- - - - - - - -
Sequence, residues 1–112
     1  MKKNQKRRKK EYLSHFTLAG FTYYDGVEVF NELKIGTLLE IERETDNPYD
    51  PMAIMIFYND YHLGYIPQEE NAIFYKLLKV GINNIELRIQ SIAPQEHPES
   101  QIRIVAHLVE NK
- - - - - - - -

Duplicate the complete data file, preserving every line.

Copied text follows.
Sequence, residues 1–112
     1  MKKNQKRRKK EYLSHFTLAG FTYYDGVEVF NELKIGTLLE IERETDNPYD
    51  PMAIMIFYND YHLGYIPQEE NAIFYKLLKV GINNIELRIQ SIAPQEHPES
   101  QIRIVAHLVE NK